Basics - Objectives & strategy
Cycling isn’t all about getting there first.
A number of tactics are employed to achieve the objective of a race. This objective is being the first to cross the finishing line, in the case of a single-stage race, and clocking the lowest overall finishing time in the case of a multi-stage race. Managing time and energy can sometimes be more crucial than arriving first.
In order to produce the best time, managing your team’s energy is vital. Wind having a major impact on effort and speed, drafting offers several advantages that can reduce its effects.
A rider following behind another, in a single paceline or full peloton, stays out of the wind and in good position, thus allowing protection for the leader. In drafting, riders can switch positions in order to take turns against the wind and thus conserve energy.
When a group of riders « breaks away » from the peloton, they form a smaller group that can effectively and smoothly escape from the peloton, riding ahead, reducing the numbers of contender for the win. In breakaways, cooperation between riders, by team or ad hoc is crucial to maintain a successful break.
Relaying consists of sharing the effort at the front of the paceline over short periods of time. The rider at the front is not protected from the wind and therefore tires faster than those who are positioned behind him. By constantly renewing the front rider, the chain of relays allows for each rider to play his part.
Follow a rider to the head of the group (diagram 1 and 2). When he peels off, it’s time for your rider to set the pace (diagram 3). When you think he has relayed enough, let him go back behind the others (diagram 4) and follow them until the initial rider is again back at the front. And so on…
If you are in the peloton, there are situations in which your team should set the pace. This is what we call “shouldering the burden of the race.” Your team should set the pace of the peloton when:
- one of your riders is wearing the yellow jersey,
- on a flat stage, and your team has one of the best sprinters in the peloton.
In a breakaway, you must systematically take relays to “breakaway alive”, otherwise the other riders will attack to get rid of your riders who shall be considered to be “sitting in”. This may be a strategy to adopt in order to disorganise a breakaway or to force your opponents to attack.
Nonetheless, there are situations in which these rules change:
- if you place a rider in the breakaway, you no longer need to shoulder the burden of the race (except if your team has the yellow jersey and your team-mate is not the best placed of the breakaway riders in the general classification).
- if your rider has broken away and you have the yellow jersey, he doesn’t have to relay so that his team-mates, who shoulder the burden of the race in the peloton, do not have to make up too big a gap.
- if a team-mate is nearby and close to re-joining the group, your rider may not relay in order to help him catch up. Once the team-mate has joined the breakaway, however, the rider should cooperate.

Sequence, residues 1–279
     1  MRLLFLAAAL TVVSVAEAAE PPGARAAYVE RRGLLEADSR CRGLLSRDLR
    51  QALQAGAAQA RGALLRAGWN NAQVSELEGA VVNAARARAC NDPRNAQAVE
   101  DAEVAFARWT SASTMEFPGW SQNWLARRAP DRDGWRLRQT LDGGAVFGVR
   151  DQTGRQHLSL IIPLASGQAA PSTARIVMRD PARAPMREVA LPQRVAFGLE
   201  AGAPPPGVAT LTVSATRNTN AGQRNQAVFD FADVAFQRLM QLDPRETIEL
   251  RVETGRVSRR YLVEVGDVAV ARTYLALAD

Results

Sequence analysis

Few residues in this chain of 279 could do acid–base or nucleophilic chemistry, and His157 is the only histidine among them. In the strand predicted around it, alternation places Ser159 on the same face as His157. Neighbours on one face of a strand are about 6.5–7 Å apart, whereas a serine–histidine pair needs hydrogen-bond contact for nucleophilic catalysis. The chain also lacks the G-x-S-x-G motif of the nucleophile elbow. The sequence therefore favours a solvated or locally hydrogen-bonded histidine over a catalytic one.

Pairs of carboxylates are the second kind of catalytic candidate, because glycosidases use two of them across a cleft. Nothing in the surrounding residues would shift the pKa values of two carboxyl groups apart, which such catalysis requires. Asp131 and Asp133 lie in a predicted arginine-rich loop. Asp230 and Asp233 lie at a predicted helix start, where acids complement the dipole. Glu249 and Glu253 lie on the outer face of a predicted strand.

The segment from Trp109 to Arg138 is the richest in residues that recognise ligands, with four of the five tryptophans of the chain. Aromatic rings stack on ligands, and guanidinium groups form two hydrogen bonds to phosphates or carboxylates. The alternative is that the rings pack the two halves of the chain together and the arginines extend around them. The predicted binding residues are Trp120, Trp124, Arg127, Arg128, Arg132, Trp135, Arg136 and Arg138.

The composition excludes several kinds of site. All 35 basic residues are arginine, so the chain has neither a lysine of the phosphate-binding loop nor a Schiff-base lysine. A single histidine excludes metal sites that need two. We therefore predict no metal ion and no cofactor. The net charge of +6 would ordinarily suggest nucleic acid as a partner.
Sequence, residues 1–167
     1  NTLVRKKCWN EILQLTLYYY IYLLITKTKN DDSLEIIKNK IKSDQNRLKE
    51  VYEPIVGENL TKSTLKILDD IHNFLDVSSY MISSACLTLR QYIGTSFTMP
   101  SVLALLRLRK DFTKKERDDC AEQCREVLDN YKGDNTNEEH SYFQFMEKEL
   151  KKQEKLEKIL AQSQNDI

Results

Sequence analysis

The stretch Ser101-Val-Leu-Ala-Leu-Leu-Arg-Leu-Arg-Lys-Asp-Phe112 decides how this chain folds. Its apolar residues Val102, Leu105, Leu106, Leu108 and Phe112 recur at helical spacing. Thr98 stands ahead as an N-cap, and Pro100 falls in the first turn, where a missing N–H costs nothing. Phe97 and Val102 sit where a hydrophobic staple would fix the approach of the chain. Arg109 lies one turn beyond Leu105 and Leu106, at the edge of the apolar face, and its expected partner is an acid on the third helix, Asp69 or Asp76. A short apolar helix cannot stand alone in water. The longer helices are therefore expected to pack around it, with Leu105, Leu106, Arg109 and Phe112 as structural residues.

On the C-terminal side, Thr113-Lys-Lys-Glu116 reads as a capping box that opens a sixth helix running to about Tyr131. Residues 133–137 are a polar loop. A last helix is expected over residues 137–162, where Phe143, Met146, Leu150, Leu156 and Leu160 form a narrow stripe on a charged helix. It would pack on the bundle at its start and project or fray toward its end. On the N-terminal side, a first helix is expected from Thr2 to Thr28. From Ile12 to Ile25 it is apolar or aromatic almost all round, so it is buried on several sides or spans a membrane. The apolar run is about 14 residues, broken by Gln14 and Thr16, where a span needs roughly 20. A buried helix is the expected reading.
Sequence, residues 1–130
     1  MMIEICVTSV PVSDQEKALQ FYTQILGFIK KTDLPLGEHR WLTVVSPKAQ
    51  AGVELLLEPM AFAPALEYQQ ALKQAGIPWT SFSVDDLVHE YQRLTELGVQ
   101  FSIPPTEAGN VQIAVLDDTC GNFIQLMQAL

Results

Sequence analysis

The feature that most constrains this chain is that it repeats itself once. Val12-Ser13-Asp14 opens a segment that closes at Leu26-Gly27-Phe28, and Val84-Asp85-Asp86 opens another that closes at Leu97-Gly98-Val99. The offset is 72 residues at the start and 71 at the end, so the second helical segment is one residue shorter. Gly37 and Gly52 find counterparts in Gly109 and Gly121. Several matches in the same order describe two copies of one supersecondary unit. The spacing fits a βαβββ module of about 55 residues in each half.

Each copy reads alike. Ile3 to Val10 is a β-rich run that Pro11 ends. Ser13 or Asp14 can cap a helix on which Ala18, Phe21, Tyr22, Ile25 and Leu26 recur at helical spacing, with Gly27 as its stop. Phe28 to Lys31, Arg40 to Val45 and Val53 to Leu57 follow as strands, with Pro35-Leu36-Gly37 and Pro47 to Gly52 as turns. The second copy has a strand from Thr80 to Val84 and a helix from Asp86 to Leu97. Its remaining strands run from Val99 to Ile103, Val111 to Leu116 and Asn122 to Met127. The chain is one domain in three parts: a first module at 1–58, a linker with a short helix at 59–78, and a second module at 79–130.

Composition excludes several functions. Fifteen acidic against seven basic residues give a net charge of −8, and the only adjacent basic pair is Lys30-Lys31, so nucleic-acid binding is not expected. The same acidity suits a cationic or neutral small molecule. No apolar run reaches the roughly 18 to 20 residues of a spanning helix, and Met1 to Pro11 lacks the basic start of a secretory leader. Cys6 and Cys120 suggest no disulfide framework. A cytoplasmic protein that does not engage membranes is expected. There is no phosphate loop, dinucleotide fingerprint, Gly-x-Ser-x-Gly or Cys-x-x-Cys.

Placing an attack at the right moment is important because an attack consumes a lot of energy and it is preferable not to waste effort.
To increase the effectiveness of the attacks, it is best to gain momentum beforehand. The perfect scenario is to accelerate to the head of the group and unleash your attack the moment your rider hits 2nd or 3rd position.
At the start of the stage, if you wish to be part of the early breakaway, it is preferable to follow others who attack. Firstly, sitting on the wheels in front, your riders save some energy. Secondly, if the peloton reacts to this attack, your riders may counter-attack to try and break away. Finally, it is preferable to break away as a group, rather than alone, because this saves energy; provides more protection against the wind and grants a higher chance of holding off the return of the peloton. Be careful, though; the peloton very rarely lets large groups get away.
At the end of the stage, if you think your riders have enough of a lead on the peloton to resist alone, they may attack to drop their breakaway companions. It is thus advisable to check the profile in order to take advantage of any difficulties and gain the upper hand. If the last kilometres are flat, a lead of more than one minute at 10 kilometres from the finish is needed if you are to have a chance of making a successful move. If there are difficulties, the lead should be greater still.
Managing the gap
It is much easier for a team to manage the gap between the peloton and a breakaway on flat and hilly stages, because it is less difficult to set up a group that works effectively together. In the mountains, it is rare to have a team made up of enough good climbers for it to be able to set a pace for the duration of a stage. This remains possible, but not easy.
Managing Time Trials
To know how to manage one’s effort, it is important to keep an eye on the profile. Riders consume more energy in climbs than on the flat, and hardly consume any when on a descent. It is therefore necessary to anticipate the climbs and descents to know if the riders have consumed too much, or not enough, energy.
To help you, check the distance gauge (yellow bar at the bottom right.) as well as your remaining energy. The distance gauge also allows you to anticipate the vertical gain your riders will have to make during the race.
In team time-trials, the rules of the individual time trial remain important. To achieve a good time, it is essential to know one’s team well, and to have the time-trial specialists take longer relays than the weaker riders.
The time of the team is calculated on the 5th rider to pass the finishing line. It is important to finish with the leader placed among the first 5.